This study provides an informative basis for companies regarding the design of tomorrow’s workforce which we think will become one of the most central leadership tasks. The willingness to start or to continue working in retirement in Germany exists — but companies have to provide adequate general conditions in order to benefit from the experience, expertise and social competences of active retirees: once they have gained a degree of freedom Silver Workers do not want to live without it. Occupation in retirement has to be varied in shape and form and provide meaning to Silver Workers’ life. Concretely, flexible measures which are adapted to a retiree’s individual needs, e.g. part-time work, have to be set up. Furthermore projects and tasks have to be structured in such a way as to accommodate the Silver Worker’s desire for independence and performance in his or her job. Moreover, to have a shot a the future, companies will have to train and provide new skills in order to efficiently employ older workers even after they have retired. The active retirees who were interviewed mentioned these elements and underlined that they are prepared and actually calling for this challenge.
Interviewees also point out their need to be appreciated and valued. The importance of an additional income in some cases seems to serve as evidence for this expressed appreciation. The results repeatedly accentuate the need for a culture of appreciation as a condition for an organizational integration of active retirees.
The following figure gives an overview of the most important expectations Silver Workers have of their employers.

Figure 1: Ideal contitions for an occupation during retirement from Silver Workers’ position
4. Silver Workers as Sociopolitical Challenge

In Germany, Silver Workers still live a shadow existence compared to those in other countries. One decisive reason for this might be that for most German retirees an additional income is not absolutely necessary as the pension scheme is still basically working. But demographic and political developments indicate a different trend for the future where rethinking will be necessary from everyone.
At the moment, most of the interviewees are basically working because they simply like doing it. In the foreseeable future the general framework of old-age pension could change in such a way that income additional to old-age pension will be necessary for an increasing number of people. This will also require more flexibility from the persons concerned. It will be essential to retrain retirees in order to reemploy them, especially lower skilled staff.
A further reason for the still low impact of Silver Workers in Germany is the political framework. An extended working life is not covered in the law and is hindered for certain groups, e.g. civil servants. Employers and Employees still have to pay social security provisions which do not have a positive effect on the annuity rates but rather have a negative effect on the employee’s salary. The inescapable transition to these new working conditions is constrained by the current legal framework in Germany, which has to be extensively reformed.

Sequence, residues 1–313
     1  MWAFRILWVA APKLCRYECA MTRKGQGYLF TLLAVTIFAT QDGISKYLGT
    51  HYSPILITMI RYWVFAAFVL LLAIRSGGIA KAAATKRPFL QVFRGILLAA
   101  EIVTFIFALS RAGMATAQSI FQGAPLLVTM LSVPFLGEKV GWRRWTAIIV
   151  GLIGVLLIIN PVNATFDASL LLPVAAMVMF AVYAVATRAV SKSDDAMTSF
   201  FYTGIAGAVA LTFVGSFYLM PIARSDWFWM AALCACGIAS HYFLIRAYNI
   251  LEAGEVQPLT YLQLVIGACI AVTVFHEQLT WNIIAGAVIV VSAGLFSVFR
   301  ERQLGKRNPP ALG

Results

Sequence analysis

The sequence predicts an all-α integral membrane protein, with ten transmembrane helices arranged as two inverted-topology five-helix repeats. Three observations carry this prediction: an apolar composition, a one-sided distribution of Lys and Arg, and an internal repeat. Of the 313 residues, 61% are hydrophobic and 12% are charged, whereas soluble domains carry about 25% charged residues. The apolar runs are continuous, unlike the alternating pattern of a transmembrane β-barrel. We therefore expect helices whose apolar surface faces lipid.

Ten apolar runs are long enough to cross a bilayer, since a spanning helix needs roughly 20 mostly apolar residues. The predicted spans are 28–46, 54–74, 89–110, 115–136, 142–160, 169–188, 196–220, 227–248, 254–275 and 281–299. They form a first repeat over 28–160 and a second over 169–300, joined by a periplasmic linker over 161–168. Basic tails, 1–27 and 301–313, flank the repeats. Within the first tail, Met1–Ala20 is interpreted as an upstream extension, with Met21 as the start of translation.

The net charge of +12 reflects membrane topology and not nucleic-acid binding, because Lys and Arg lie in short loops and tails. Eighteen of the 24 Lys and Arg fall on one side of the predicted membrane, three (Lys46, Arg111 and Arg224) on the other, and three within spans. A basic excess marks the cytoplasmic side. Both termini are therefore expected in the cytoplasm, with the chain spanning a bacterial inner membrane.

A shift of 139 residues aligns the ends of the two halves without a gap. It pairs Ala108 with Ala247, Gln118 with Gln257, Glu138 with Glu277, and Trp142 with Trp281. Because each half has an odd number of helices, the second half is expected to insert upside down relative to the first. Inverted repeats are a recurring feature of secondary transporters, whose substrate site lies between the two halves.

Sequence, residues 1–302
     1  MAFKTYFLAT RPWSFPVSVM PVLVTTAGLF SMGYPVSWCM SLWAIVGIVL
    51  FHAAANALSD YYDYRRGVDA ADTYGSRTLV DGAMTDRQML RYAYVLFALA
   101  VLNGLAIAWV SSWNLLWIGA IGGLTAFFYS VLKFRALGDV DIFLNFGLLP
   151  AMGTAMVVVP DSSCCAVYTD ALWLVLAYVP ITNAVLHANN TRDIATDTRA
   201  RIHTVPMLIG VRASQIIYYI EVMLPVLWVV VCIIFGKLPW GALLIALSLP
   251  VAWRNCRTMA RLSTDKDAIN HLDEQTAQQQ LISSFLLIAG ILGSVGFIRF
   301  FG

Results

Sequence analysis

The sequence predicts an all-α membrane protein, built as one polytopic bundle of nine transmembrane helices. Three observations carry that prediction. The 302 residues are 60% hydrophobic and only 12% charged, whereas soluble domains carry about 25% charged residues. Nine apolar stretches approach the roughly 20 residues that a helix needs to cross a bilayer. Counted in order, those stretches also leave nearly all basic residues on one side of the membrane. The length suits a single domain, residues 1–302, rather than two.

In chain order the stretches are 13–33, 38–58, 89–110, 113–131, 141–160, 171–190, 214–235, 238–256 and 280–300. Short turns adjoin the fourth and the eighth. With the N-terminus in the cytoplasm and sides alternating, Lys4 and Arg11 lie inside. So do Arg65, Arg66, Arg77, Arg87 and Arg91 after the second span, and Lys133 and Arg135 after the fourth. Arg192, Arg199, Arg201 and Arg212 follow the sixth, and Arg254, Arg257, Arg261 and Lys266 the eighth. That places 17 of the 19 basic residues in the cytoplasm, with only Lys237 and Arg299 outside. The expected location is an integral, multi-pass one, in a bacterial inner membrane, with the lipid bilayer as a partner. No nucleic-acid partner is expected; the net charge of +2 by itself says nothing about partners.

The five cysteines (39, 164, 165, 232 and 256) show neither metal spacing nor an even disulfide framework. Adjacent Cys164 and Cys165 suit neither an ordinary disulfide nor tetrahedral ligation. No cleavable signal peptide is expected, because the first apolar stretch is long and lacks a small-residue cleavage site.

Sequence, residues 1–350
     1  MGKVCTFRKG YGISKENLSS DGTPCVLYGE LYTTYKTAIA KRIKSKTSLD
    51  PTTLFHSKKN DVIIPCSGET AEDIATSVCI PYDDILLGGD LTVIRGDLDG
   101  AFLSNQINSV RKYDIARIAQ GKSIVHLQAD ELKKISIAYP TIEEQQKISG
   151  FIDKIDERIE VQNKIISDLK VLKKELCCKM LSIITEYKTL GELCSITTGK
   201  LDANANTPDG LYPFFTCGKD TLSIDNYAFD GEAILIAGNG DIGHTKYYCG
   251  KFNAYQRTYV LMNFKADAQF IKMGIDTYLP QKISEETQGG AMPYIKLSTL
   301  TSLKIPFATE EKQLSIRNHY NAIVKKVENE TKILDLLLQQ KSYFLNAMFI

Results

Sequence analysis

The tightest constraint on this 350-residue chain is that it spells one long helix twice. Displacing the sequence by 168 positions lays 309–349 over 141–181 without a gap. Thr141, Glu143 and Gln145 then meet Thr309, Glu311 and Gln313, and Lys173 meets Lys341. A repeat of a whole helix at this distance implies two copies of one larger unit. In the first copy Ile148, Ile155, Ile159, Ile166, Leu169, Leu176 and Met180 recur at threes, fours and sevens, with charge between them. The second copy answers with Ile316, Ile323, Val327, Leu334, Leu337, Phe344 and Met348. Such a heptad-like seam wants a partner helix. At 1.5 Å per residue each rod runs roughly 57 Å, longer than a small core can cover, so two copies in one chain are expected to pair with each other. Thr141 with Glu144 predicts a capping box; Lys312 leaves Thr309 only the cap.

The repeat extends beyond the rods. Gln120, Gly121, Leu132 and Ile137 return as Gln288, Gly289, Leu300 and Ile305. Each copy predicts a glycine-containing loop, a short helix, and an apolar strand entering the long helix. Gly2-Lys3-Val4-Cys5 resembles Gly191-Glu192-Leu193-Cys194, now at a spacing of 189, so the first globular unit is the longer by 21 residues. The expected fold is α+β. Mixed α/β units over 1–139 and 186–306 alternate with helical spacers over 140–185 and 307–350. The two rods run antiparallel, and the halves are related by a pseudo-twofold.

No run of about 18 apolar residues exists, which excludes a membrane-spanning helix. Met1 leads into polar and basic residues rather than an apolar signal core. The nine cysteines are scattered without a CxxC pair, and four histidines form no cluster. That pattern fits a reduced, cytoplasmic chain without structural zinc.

Finally there is a lack of social acceptance of the mains reasons why Silver Workers want to keep on working, namely the desire to be accepted and to continue to play a continuing active role in the economy and society.

5. Recommended Actions for the Economy, Politics and Society

The following three central recommendations can be derived as a first empirical appraisal of the situation of the Silver Workers:
1. Enlargement of strategic HR management in order to systematically mobilize and integrate Silver Workers: We need flexible structures regarding working time and work design, supplemented by purposive advanced training measures in order to provide an attractive organizational environment for Silver Workers.
2. Promotion of a culture of appreciation for the elderly throughout organizations: The prevalent ‘mania for youth’ is reaching its limits — and not only because of the forecasted changes in the structure of the population. There seems to be a return to the recognition of the elderly’s longtime experience, substantial expertise and superior social competencies. These values have to be firmly positioned in the culture of an organization.
3. Establishment of an attractive legal framework for Silver Workers: The present regulatory vacuum has to be replaced by definite terms which put post-retirement work on a mandatory legal foundation. Due to the aforementioned economic and managerial reasons politicians should create efficient incentive structures which will promote the development of a strong fourth old-age pension pillar in Germany.

The Silver Workers Institute: Active Retirees in Germany: If you are interested in the full research report, please send an email to
More information on Silver Workers and the challenges of organizing work for the elderly in order to face the expected demographic development can be found on the website of the Silver Workers Institute in Geneva:
Jürgen Deller: Institute of Business Psychology Leuphana University of Lueneburg, Germany.
Patrick M. Liedtke: Secretary General and Managing Director, The Geneva Association, Switzerland,